Rundown of Biden’s Cabinet: Obama Alumni to Fill Diverse Administration

Over the last few weeks, President-Elect Joe Biden has steadily announced the names of those individuals he plans to appoint to his cabinet when his term begins in January. While there are still a few key roles the President-Elect has yet to fill, Biden’s administration is already shaping up to be one of the most diverse in history. But that was to be expected, based on his campaign promise to build a cabinet that “looks like America.” Another campaign pledge, to restore a sense of integrity and normalcy to the White House, is also manifesting in the cabinet appointments Biden has announced. Many are former Obama administration officials who worked with Biden during his time as vice president. This suggests that Biden is more interested in experienced Washington veterans who can get the job done from the start, as opposed to exciting new faces cutting their teeth in the executive branch. Here are the cabinet roles and other high-ranking White House appointments that Biden has announced so far:

Secretary of Defense – Gen. Lloyd James Austin III

General Austin, a former commander of US troops in Iraq, retired from a decades-long military career in 2016. If confirmed, Austin would become the first Black secretary of defense, though he might face a difficult confirmation battle in the Senate. That’s because a federal statute prohibits former military officers from becoming defense secretary within seven years of leaving active duty. It has to do with civilian control of the military. Still, the law can be waived as it was in 2016, when President Trump appointed General James Mattis to that position.

Secretary of Health and Human Services – Xavier Becerra

The highest-ranking member of the federal government’s public health office has never faced a more intense set of challenges. On day one, the incoming secretary of HHS will confront a raging pandemic and a massive vaccination operation. Xavier Becerra currently serves as Attorney General of California and is the first Latino in that position. He entered that office after former AG Kamala Harris won election to the US Senate. Previously, he served as a member of the US House of Representatives, becoming friendly with Biden during that time. Becerra is the child of Mexican migrant workers and was the first in his family to attend university.

Secretary of Treasury – Janet Yellen

Yellen was previously the Chair of the Federal Reserve Bank, the first woman to serve in that position. If confirmed, she would also become the first woman to run the Treasury, and she’d be doing so during a precarious moment for the economy. Yellen is currently an economist at the Brookings Institute.

Secretary of State – Antony Blinken

Blinken has been a confidante of Biden’s for decades, going back to the latter’s time on the Senate Foreign Relations Committee. During the Obama administration, Blinken served as Biden’s national security adviser. Notably, Blinken is a globalist, who believes the US is best served by assisting in worldwide issues like COVID and climate change. This is a significant departure from the Trump administration’s “America First” foreign policy.

Secretary of Homeland Security – Alejandro Mayorkas

Should he be confirmed, Mayorkas would become the first Latino to run the Department of Homeland Security. He brings an interesting perspective as an immigrant and former refugee. Mayorkas’ mother, a Romanian Jew, fled Europe amid Hitler’s rise, seeking refuge in Cuba, where the young Mayorkas was born. But in 1960, following the Cuban Revolution, his family had to flee once again, planting permanent roots in the US. Mayorkas previously served as Deputy Secretary of Homeland Security during the Obama administration.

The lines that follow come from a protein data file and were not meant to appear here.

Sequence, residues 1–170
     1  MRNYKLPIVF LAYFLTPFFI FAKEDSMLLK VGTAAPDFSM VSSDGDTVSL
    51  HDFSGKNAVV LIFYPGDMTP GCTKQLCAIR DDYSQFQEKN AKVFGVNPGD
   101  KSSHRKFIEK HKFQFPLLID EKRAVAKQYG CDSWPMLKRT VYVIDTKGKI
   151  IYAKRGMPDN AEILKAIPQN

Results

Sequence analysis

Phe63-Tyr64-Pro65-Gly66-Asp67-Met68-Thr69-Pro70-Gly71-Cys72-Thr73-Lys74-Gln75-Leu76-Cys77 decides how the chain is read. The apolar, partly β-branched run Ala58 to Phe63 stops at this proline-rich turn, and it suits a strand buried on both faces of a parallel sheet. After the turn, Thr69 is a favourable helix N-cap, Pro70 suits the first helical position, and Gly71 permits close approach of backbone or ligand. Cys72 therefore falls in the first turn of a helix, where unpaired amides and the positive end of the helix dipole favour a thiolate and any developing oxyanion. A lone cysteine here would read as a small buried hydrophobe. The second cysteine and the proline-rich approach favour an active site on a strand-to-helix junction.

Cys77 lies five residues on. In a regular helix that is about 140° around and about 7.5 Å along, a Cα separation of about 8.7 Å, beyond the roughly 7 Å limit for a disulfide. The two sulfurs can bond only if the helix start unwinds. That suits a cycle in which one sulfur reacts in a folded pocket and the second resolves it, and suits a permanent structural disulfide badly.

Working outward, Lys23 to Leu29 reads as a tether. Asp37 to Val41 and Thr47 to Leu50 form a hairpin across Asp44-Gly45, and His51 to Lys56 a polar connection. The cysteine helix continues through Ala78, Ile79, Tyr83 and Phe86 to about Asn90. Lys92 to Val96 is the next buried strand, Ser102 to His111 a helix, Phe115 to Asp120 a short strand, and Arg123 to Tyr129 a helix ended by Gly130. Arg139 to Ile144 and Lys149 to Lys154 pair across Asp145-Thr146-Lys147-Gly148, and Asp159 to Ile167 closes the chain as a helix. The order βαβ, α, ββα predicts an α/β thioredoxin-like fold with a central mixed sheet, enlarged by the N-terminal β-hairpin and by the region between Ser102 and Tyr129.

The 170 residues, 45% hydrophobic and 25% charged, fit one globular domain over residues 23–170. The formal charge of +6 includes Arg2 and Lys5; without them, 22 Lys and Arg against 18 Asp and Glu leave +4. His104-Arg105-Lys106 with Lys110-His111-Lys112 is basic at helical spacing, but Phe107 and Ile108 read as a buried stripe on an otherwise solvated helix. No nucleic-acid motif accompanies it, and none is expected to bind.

Surgeon General – Dr. Vivek Murthy

Dr. Murthy previously served as Surgeon General under President Obama, the first person of Indian descent to serve in that position. Before being officially tapped by Biden to return to his role as Surgeon General, Murthy had served as an adviser to the President-Elect on pandemic issues.

Chief Medical Adviser – Dr. Anthony Fauci

Biden has asked Dr. Fauci, who has become a recognizable face of public health this year, to stay on in his current position as Director of the National Institute of Allergy and Infectious Diseases. But Biden also stated that Fauci, who is nonpartisan, will serve as his chief medical adviser, a newly-invented role that will be essential to Biden’s pandemic policy.

Director of National Intelligence – Avril Haines

Haines served as deputy national security adviser for counterterrorism and deputy CIA director in the Obama administration. She would be the first woman to serve as director of national intelligence if confirmed.

Ambassador to the United Nations – Linda Thomas-Greenfield

Thomas-Greenfield served as assistant secretary of state for African affairs, director-general of the US Foreign Service, and US ambassador to Liberia during the Obama years. Biden says he plans to elevate the role of UN Ambassador to a cabinet-level position, as it was prior to the Trump presidency.

National Security Advisor – Jake Sullivan

Sullivan served as deputy chief of staff to Secretary of State Hillary Clinton during the Obama years. As national security advisor, Sullivan hopes to rejoin the Iran nuclear arms deal, which the Trump administration abandoned early in its administration.

Special Foreign Envoy for Climate Change – John Kerry

Another newly-designed position will see the return of John Kerry, Obama’s second secretary of state. In that role, Kerry spearheaded American participation in the Paris Climate Accord. The former senator and 2004 Democratic presidential nominee is an old friend of Biden’s, with unmatched experience in climate diplomacy.